Ghazal 109, Verse 6x


mu((aaf-e behudah-go))ii hai;N;haan-e ((aziiz
dil-e bah dast-e nigaare nah-daadah rakhte hai;N

1) they are excused for babbling nonsense, the esteemed Advisors
2) they have/'keep' a heart that has not been given into the hand of a beautiful one


mu((aaf : 'Forgiven, pardoned, absolved, excused, condoned, remitted; spared; dispensed with'. (Platts p.1046)


behudah is a short form of behuudah , for the meter.


behuudah-go))ii : 'Idle talk, talking nonsense, absurdity, frivolity; obscene talk, scurrility'. (Platts p.213)


nigaare is nigaar with a Persian indefinite article attached to it.


daadah : 'Given, bestowed, imparted'. (Platts p.500)


We excuse/pardon the bitter-voicedness of our esteemed Advisors. What can we do? The poor wretches are excused, they are helpless. They never attached their heart to any beloved-- so if they say such things, what can we do?

== Asi, p. 171


That is, if the Advisors had given their heart to some beloved, then why would they have given such nonsensical advice to someone else? But since they have no experience of this, and their hearts are unacquainted with the deliciousness of passion, their babbling of nonsense deserves to be excused.

== Zamin, p. 251

Gyan Chand:

The esteemed Advisors babble nonsense. They are worthy of being excused, because they have a kind of heart that hasn't been given to any beautiful one. The one who wouldn't be acquainted with passion-- he can't even understand us at all.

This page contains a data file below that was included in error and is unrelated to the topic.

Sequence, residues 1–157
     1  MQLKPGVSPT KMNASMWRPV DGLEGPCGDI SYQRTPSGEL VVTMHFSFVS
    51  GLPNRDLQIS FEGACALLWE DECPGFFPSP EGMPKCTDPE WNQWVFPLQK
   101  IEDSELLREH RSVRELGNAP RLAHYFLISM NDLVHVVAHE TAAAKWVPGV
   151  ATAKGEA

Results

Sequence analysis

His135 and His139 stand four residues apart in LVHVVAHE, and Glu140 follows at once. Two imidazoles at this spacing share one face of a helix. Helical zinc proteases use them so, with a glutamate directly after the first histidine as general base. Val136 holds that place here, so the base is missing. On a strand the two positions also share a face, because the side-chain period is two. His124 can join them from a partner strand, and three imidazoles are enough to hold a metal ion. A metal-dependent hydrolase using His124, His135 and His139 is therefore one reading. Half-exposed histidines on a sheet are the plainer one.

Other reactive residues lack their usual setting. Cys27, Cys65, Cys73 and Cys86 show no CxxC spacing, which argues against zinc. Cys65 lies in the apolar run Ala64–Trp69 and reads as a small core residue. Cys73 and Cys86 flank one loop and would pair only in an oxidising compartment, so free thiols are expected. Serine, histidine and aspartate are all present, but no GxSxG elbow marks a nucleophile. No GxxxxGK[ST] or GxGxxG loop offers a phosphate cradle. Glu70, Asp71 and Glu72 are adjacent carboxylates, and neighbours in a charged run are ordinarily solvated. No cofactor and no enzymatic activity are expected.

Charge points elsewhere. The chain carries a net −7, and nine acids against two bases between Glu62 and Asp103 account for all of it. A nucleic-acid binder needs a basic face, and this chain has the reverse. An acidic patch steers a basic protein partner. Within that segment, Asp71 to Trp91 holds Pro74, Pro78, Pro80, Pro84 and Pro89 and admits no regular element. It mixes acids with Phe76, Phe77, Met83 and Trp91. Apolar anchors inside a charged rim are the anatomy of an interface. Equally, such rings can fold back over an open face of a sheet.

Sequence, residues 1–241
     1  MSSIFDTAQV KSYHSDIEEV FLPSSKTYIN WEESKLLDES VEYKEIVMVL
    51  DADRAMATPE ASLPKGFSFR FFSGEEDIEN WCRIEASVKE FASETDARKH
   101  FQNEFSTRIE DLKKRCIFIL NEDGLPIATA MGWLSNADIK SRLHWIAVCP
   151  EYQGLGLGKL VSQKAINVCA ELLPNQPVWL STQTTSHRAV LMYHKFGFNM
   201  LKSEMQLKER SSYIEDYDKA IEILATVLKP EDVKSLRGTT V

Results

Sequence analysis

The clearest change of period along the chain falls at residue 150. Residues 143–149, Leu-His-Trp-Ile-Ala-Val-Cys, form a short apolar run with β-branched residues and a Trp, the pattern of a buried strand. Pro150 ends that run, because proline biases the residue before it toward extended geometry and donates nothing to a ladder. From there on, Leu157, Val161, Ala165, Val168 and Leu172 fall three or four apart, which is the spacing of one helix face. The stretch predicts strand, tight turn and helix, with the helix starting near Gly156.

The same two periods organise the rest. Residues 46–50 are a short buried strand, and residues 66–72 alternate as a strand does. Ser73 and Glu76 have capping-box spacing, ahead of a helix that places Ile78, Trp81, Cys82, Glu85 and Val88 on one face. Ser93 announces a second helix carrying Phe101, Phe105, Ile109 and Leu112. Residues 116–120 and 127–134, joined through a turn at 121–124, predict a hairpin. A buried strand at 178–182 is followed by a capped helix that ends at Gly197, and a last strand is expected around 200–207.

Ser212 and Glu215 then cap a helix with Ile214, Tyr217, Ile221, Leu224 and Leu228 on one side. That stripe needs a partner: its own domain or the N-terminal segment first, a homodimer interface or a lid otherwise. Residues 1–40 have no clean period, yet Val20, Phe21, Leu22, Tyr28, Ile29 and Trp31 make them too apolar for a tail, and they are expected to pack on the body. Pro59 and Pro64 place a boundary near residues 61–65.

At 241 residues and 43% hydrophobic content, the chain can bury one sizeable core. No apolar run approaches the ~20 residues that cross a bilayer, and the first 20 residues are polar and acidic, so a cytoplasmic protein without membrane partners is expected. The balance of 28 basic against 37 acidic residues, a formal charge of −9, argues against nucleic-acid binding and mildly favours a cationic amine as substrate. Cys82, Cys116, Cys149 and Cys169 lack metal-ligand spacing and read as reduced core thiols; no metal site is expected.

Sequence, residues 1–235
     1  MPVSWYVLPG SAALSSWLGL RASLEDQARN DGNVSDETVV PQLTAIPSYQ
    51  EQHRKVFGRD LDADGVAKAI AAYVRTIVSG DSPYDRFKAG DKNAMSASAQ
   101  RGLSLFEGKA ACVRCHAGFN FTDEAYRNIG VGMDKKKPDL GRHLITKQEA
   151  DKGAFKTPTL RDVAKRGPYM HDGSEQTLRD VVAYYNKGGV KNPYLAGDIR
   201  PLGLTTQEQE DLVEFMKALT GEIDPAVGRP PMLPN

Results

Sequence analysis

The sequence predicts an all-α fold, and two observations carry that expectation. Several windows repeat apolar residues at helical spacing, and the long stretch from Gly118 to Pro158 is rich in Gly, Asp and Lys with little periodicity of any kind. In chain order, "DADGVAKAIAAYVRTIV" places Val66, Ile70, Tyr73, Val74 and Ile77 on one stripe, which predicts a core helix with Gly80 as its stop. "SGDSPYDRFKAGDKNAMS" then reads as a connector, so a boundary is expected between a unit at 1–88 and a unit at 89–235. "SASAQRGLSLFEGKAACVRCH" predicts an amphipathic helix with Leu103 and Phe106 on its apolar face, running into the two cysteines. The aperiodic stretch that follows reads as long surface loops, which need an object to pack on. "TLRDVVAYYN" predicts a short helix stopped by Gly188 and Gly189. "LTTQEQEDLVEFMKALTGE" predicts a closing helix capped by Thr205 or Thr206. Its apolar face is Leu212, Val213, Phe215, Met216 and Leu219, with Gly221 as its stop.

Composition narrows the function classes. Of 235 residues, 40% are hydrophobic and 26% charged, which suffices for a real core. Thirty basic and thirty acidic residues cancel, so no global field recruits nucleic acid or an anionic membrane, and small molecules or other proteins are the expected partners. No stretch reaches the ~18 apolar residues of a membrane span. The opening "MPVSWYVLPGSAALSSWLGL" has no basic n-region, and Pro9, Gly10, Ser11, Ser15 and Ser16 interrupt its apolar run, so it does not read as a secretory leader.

== Gyan Chand, p. 274


SPEAKING: {14,4}

For background see S. R. Faruqi's choices. For more on Ghalib's unpublished verses, see the discussion in {4,8x}.

The worthy, 'esteemed' Advisors do talk the most dreadful nonsense-- perhaps even with overtones of vulgarity or scurrilousness. But they have to be excused, for after all, they have no way of knowing what they're talking about. They have hearts that have never been given away, never been surrendered into the custody of a beautiful one.

In particular, they don't just 'have' such hearts-- they actively 'keep' them. For in this verse alone, the refrain of the ghazal has been most fully energized. Not even in the rhyme-word, as is usual in mushairah verses, but only in the refrain itself, comes the real 'punch-word'. Only then do we feel the full contrast: the Advisors don't just happen by coincidence to have not-given-away hearts-- they actively hold on to them, they refuse to give them away-- they 'keep' them. How enjoyably this verb emphasizes their folly, their selfishness, their worldliness and greed! No wonder their vulgar, foolish babble is guaranteed to be of no use whatsoever.

Note for grammar fans: Ghalib here attaches a Persian indefinite-article enclitic to an Urdu noun, turning nigaar into nigaare . He very rarely does this. (Though he also does it with bute , in {109,5x}.) Perhaps it could be said to contribute to the verse by emphasizing the Advisors' reluctance to give their hearts ever, under any circumstances, to 'any' beautiful one at all. (Or perhaps it just conveniently lengthens that syllable.)

The second line of the previous verse, {109,5x}, has a structure quite similar to that of the second line in this verse. It's tempting to think that we see the poet's mind appreciating the earlier verse and generating a sequel. It's also a sort of semantic sequel, reproaching the Advisors instead of the Ascetics, but on similar grounds of showing arrogance rather than self-surrender.